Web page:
If Our President Can’t Stand in Solidarity With Pittsburgh, The People Will
On Saturday, Robert Bowers murdered 11 people in the Tree of Life Synagogue in Pittsburgh, in the most heinous anti-Semitic attack our country has witnessed. And today, despite the definitive “no thanks” from the Pittsburgh mayor, a local nonprofit with more than 35,000 signatures, and Trump’s own congressional officials––Trump traveled to Pittsburgh to offer condolences for a tragedy that his own rhetoric enabled.
Authorities have identified the terrorist as Robert Bowers, a man who admitted his hatred for Jews due to their support for immigrants and their stance against the Muslim Ban. Hatred that Trump has only fueled. And if we can’t rely on our leaders to truly condemn bigotry––if, in the face of tragedy, they continue to sew the seeds of division––then we, New Yorkers, must be the voice of unity and stand with our Pittsburgh neighbors.
At this point, it’s painfully clear that Trump’s administration has provided a platform for white supremacist groups. Beyond that, the language Trump uses to voice his anti-immigration views has motivated and encouraged these supremacist groups to voice and act on their hate and violent tendencies. When Neo-Nazis marched in Charlottesville, shouting anti-Semitic chants, our President called them “very fine people.” It is a leader’s duty to unify the people, uplift the nation, and stand for justice; but in openly supporting white nationalism, Trump has ceded that responsibility.
According to the Southern Poverty Law Center, there are 953 active hate groups in the US, with an increase of 22% of Neo-Nazi groups just in 2017.
The same study shows that “within the white supremacist movement, neo-Nazi groups saw the greatest growth – soaring by 22 percent. Anti-Muslim groups rose for a third straight year.” These groups are openly espousing hate and division, and it’s more important than ever that our leaders publicly and forcefully denounce their missions. But again, if we’ve learned anything from the past two years, it’s that this responsibility has fallen to the people.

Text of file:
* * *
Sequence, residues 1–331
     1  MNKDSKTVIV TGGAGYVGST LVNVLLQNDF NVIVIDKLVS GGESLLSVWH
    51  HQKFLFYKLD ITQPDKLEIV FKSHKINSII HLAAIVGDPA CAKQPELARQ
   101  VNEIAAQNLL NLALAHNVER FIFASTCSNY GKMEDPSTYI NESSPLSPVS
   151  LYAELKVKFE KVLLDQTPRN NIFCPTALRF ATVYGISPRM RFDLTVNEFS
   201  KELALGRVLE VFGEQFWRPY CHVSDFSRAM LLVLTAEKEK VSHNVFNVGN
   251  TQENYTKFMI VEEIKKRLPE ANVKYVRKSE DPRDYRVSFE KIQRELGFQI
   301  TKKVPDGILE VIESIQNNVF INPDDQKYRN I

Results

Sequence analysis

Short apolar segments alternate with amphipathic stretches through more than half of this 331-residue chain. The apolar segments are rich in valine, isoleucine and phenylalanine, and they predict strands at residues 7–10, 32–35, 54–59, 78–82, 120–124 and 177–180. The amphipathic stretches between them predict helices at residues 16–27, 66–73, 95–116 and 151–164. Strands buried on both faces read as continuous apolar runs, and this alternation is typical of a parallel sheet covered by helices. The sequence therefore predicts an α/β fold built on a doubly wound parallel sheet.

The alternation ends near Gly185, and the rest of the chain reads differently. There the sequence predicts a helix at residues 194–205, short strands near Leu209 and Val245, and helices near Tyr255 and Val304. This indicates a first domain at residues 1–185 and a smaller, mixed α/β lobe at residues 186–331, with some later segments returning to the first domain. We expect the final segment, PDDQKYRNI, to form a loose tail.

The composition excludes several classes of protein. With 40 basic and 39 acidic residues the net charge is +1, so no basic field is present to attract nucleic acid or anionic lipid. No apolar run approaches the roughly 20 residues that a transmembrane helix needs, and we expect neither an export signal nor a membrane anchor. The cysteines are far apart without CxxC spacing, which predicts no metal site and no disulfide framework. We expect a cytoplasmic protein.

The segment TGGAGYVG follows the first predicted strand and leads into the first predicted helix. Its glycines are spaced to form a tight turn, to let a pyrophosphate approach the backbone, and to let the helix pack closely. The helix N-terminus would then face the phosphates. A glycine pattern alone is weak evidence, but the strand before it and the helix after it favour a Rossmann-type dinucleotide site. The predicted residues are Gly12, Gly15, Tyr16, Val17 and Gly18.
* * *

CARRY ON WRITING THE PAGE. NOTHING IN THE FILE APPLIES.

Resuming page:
Further, these anti-Semitic attacks on Jews are one horrific part of a sustained racial and ethnic attack on minority and immigrant groups that the current administration refuses to disown. The Kentucky shooter who killed two black grocery store customers a few days preceding the Pittsburgh attack had tried to attack a predominantly black church, and told a bystander “whites don’t shoot whites.” This past year, South Asian Americans Leading Together (SAALT) released a report documenting a 45% increase in hate violence aimed at Muslim, Arab, Sikh and South Asian communities, in which 20% of the perpetrators referenced President Trump during the crime.
The inability of our leaders to powerfully condemn hate has validated discrimination against Jews, people of color, immigrants, refugees and members of other faith communities. As Bend the Arc: Pittsburgh said in their letter to the President, Trump’s rhetoric targeting these communities is directly linked to the events of this weekend, rendering any attempt to comfort the Pittsburgh community meaningless.
More than ever, we need to stand together and support one another in these difficult times against the racism and bigotry spreading in our country. This unfathomable crime has torn families apart––but, in response, it has also brought the entire U.S. community to come together unconditionally in solidarity, and to stand guard against groups who would try to divide us.
The time to rise above and defy hatred is now. We do not have a leader to condemn these acts and punish them accordingly, or one that is for the people, or culturally responsive. We need to be shields for one another and continue to uphold acceptance and dignity for all while fighting the messages of hate and violence.
Dr. Debbie Almontaser is the author of upcoming book, Leading While Muslim.
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